A song titled, “Hall of Fame” by The Script (feat. Will.I.Am) has a chorus that rings:
“You can be the greatest,
You can be the best,
You can be the King Kong banging on your chest,
You can throw your hands up,
You can beat the clock,
You can move a mountain,
You can break rocks,
You can be a master,
Don’t wait for luck,
Dedicate yourself and you gon’ find yourself,
Standing in the hall of fame (yeah),
And the world’s gonna know your name (yeah),
‘Cause you burn with the brightest flame (yeah),
And the world’s gonna know your name (yeah),
And you’ll be on the walls of the hall of fame.”
Sports have always been an intricate, seemingly indispensable, part of my life. As far back as I can remember I was running, jumping, catching, and throwing balls. Sports made a name for me in high school and guaranteed my admittance into college. Like most boys on the playing field, I wanted to be the best. I wanted everyone to know my name. I wasn’t afraid of the competition. I relished it. Unfortunately, that desire for greatness didn’t die when I entered the gospel ministry. It only changed playing fields.
Instead of jumping and shooting, catching and throwing, now I am preaching and writing, teaching and pastoring. The drive to be the best, the desire for everyone to know my name, is still there. Before I reveled in it. Now I have to fight against it. And I know I am not alone in this.
The recent fall and failures of some prominent preachers (here and here) has me and others asking the question again, “Why do I do what I do? What is my motivation?” Whatever the particulars of these men’s indiscretions, it is safe to assume that the trappings of prominence played a role. Consequently, as I lament the failures of these men and others, I am left asking myself, “Am I any different?”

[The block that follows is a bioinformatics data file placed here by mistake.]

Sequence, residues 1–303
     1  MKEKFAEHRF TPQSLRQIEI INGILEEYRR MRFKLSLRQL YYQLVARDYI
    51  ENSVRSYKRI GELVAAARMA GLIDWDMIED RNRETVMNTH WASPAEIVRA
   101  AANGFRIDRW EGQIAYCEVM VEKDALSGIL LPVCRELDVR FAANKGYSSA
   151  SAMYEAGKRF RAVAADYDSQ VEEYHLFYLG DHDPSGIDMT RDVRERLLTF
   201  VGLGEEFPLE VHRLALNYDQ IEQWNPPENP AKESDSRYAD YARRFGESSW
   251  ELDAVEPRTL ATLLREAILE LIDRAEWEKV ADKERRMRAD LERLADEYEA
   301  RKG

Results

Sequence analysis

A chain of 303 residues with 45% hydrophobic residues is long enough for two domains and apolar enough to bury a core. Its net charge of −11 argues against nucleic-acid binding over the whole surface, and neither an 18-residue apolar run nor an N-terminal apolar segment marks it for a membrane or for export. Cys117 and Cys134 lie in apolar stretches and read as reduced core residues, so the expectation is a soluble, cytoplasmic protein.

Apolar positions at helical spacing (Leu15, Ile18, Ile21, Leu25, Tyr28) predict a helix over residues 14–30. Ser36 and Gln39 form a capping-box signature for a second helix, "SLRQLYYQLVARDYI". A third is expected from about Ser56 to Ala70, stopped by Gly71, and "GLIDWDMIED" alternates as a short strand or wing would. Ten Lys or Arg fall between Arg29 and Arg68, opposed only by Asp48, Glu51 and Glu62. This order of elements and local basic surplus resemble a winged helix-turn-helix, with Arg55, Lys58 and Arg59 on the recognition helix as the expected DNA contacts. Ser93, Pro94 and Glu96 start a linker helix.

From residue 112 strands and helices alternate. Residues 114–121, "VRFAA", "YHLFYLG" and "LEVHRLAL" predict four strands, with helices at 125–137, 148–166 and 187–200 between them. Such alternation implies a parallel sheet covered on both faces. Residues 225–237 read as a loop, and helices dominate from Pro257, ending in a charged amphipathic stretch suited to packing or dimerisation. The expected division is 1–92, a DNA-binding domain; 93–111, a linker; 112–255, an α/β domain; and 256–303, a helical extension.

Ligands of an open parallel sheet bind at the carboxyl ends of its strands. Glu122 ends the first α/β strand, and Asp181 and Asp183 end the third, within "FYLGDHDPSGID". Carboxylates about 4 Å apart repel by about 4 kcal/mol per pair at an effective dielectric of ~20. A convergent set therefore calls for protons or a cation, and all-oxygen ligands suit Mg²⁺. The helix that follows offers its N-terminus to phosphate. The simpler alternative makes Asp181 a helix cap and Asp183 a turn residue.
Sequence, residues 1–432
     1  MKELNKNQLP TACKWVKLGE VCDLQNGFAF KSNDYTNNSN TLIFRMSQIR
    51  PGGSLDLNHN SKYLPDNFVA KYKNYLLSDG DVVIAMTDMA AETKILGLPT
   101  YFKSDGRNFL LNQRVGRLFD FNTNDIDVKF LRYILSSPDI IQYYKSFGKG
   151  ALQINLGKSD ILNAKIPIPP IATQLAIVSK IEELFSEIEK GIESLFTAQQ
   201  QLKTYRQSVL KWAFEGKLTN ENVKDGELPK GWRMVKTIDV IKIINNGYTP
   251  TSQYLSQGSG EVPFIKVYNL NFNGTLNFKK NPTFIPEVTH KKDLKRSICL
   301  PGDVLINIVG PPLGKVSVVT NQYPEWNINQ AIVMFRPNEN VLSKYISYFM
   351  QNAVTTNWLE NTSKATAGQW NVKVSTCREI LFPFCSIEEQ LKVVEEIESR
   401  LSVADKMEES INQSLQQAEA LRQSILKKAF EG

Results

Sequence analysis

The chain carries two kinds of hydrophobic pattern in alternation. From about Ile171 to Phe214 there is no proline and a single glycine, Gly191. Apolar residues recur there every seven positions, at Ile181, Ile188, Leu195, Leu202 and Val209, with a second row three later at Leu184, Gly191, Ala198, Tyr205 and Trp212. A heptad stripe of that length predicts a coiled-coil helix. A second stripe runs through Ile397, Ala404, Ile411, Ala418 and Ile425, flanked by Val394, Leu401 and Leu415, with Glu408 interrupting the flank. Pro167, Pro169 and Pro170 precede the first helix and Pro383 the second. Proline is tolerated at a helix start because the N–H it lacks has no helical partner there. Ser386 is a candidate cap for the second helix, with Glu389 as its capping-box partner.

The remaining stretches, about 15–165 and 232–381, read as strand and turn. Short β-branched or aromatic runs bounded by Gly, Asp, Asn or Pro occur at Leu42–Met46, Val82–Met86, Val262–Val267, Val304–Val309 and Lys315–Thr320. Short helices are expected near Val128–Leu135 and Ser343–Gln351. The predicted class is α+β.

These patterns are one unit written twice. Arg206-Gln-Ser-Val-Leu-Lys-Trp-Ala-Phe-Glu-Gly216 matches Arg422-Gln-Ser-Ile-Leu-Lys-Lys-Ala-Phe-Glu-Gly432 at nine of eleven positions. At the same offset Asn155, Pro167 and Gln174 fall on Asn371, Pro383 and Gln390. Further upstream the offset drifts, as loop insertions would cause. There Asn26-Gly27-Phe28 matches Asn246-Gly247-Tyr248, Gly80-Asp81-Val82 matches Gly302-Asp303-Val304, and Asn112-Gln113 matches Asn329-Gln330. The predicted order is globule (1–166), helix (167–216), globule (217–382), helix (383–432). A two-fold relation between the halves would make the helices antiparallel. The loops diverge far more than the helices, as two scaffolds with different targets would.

Sports breed competition – winners and losers, achievers and failures. The gospel ministry does, too. Where I grew up, the area churches would at times have what was called “preach offs.” These were essentially preaching competitions between the young preachers in the area – a kind of a bootleg Sunday’s Best for preachers. It was really the worst. It cultivated the covetous heart that lay in us already. Yet, if we are honest, these preach offs continue today, if nowhere else but in our hearts. Too many of us want to be known, have a book on the best seller list, a song on the top of the charts, a church filled to overflowing, a blog read and referenced by thousands. We want to be invited to the largest conferences and given a plenary voice. We all want to win. Paul Miller in his book A Praying Life writes:
“Everyone wants to be a winner. In contrast, Jesus never used his power to show off. He used his power for love. So he wasn’t immediately noticeable. Humility makes you disappear, which is why we avoid it.”
Sports and the ministry are wrought with the prideful. Being in the Hall of Fame and all the world knowing your name may work in the athletic arena, but as we have seen, are disastrous in the kingdom of God.
At times, I’m asked why I don’t speak at more conferences. It’s not because there is something inherently wrong with conferences. Rather, there is something wrong with me. I know I want notoriety. I know I want people to mention my name with others they respect and admire. Therefore, I also know I must guard my heart or I may find my name mentioned amongst those others deem disqualified. The path to the hall of fame often leads to the hall of shame.
In all honesty, the temptation for the pastor today is to want to pastor the world. Multi-campus, multi-site, multi-media have us striving for more, which often times means less – less integrity, less oversight, and less accountability. However, I am slowly learning that if I can faithfully pastor East Point Church (which is challenging enough), why must I look for more? If my name is great in my own home, why must I strive for it to be great in yours? Peter’s inspired words are challenging to me when he said, “Shepherd the flock of God that is among you…” (1 Pet. 5:2). No one is called to be pastor to the world, only the flock in your midst.
Brothers, the Apostle Paul reminds us that there is a race to be won (1 Cor. 9:24). However, it is not the race that leads to the hall of fame, but the race that leads to the Master’s feet. It is not where everyone will know my name, but where the Master says, “Well done, good and faithful servant” – not the greatest, not champion, just servant.